My avatar is a shot from one of my favorite films, Eternal Sunshine of the Spotless Mind (written by Charlie Kaufman), with a text overlay of the nickname “Gaz” as some refer to me as. For the record, you are welcome to call me Isaac OR Gaz. I will respond to either. “Gaz” is a shortened name my grandfather, mother, and brother used in school from our last name “Gazmararian.”
The process of designing an avatar was surprisingly hard for me. I knew it would include something related to film, as that is a big passion of mine, but I struggled picking any specific film because I love so many of them. Initially, I worked on combining an image of the black hole from the film Interstellar with the image from the film City of God, as both films are two of my favorite movies, are from completely different genres, and relate to my other passion for space. However, I struggled with the layout of the images and how to best overlay/crossfade them, which eventually led me to simplify my design and settle on the image from Eternal Sunshine.
For those who don’t know, Eternal Sunshine of the Spotless Mind is a film about a two people who decide to erase all memories of the other from their own minds after they break up. The film flows in and out of reality and memories as events bleed into each other and the protagonist (played by Jim Carrey) questions whether or not he wants to finish the memory-wiping procedure. While the story seems fantastical, the film hits on some ruthlessly real emotions. It deals with the breaking down of the idealization of a romantic partner, how people change in relationships, how all-consuming romantic relationships can be, and much much more. I love the film for its realistic portrayal of human emotions which can’t be cleanly categorized. There are only two films in my life that have helped me through romantic break-ups, the movie Her by Spike Jonze and Eternal Sunshine. Both films share a certain level of humility and vulnerability that I find lacking in other “romantic” films. The film also has beautiful cinematography, which smoothly moves the viewer through memories (sometimes in one shot!). That type of lucid cinematography is something I have learned from and attempt to apply it to my own short films. The film is also written by my favorite writer of all time, Charlie Kaufman (writer of Adaptation, Being John Malkovich, Synecdoche, New York, Anamolisa, etc.), who consistently crafts wholly unique films with an odd sense of structure, pacing, and character which I cannot find nowhere else. Kaufman’s films almost feel like a character itself.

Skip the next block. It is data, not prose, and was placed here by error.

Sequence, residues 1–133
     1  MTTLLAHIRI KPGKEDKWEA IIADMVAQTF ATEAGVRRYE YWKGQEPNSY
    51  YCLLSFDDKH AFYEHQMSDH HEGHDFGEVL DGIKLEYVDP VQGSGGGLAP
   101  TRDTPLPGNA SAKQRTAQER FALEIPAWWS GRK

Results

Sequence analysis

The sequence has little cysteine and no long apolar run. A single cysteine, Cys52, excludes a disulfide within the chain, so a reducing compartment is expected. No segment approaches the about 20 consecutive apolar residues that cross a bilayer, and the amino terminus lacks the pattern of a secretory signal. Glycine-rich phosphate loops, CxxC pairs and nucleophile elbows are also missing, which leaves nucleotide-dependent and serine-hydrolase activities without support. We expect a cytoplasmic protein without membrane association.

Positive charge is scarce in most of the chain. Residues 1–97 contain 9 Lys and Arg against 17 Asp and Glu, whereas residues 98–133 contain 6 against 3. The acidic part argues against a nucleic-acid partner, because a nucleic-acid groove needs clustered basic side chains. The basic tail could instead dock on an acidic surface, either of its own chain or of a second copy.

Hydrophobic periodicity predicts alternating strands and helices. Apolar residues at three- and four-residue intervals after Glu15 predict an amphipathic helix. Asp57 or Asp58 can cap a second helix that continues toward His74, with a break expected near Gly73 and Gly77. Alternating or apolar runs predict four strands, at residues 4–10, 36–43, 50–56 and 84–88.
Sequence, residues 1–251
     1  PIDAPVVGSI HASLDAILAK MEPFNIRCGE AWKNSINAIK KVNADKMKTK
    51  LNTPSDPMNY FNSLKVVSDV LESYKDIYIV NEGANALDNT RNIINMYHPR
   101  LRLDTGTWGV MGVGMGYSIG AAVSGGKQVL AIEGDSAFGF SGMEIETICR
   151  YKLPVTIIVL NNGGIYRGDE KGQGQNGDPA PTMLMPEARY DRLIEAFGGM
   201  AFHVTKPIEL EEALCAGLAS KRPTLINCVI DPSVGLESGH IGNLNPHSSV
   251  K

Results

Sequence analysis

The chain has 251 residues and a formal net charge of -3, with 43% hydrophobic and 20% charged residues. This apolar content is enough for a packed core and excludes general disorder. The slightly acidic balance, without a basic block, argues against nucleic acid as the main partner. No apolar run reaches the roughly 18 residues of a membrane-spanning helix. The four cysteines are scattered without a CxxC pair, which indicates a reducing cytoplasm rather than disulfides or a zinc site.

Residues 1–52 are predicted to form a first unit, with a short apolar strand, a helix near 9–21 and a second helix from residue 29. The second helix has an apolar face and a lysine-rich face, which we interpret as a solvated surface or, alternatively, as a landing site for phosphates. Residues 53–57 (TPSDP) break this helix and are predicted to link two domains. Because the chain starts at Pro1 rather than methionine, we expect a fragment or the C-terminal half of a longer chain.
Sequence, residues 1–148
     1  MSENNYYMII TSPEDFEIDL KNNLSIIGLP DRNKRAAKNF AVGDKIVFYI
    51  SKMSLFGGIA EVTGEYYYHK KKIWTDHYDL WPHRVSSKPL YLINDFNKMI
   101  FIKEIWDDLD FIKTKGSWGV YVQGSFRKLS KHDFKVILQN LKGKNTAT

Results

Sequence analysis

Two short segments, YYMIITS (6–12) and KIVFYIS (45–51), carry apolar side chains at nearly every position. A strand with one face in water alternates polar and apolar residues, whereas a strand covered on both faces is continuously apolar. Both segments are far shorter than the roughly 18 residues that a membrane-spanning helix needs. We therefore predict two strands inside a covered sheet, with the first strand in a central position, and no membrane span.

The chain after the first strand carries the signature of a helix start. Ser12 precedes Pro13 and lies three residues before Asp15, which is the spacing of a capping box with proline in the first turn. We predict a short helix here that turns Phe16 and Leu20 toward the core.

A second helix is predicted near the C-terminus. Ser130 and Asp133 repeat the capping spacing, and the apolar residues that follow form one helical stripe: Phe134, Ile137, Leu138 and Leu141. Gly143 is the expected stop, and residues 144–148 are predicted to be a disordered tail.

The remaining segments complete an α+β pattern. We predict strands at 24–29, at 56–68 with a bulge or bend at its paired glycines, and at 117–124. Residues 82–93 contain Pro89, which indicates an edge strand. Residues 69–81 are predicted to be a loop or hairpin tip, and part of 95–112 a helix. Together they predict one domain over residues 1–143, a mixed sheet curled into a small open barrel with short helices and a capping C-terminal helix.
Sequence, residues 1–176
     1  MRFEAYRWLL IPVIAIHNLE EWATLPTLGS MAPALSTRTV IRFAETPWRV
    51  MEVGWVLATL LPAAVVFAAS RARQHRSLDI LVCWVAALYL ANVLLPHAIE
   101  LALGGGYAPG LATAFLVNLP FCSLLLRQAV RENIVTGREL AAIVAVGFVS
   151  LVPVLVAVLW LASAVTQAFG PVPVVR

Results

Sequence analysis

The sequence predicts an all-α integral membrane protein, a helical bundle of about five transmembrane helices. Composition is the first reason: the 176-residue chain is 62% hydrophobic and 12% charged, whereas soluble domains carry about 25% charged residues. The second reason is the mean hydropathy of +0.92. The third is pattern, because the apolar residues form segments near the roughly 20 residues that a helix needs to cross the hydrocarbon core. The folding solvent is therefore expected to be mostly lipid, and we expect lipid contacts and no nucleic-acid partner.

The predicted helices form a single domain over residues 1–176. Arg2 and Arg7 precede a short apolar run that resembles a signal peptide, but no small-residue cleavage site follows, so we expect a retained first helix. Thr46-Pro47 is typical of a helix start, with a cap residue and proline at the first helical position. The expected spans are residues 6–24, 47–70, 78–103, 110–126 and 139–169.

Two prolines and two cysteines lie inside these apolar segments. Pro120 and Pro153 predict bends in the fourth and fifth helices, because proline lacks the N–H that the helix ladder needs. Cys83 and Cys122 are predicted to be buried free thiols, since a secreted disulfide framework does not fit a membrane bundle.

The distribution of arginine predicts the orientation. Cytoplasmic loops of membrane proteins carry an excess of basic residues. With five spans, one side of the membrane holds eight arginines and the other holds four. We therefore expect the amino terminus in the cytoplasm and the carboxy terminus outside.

Suffice to say that this film has impacted me many ways, as a person, a cinematographer, and a writer. There are few out there like it. I initially chose to slant the text because I thought it would look cool, but now the more I think about it, I like how it almost feels like the name “Gaz” is laying down next to Clementine and Joel, as if I am part of the film.
“Blessed are the forgetful: for they get the better even of their blunders.” – Mary Svevo, Eternal Sunshine of the Spotless Mind (Friedrich Nietzsche)
Eternal Sunshine of the Spotless Mind Poster Image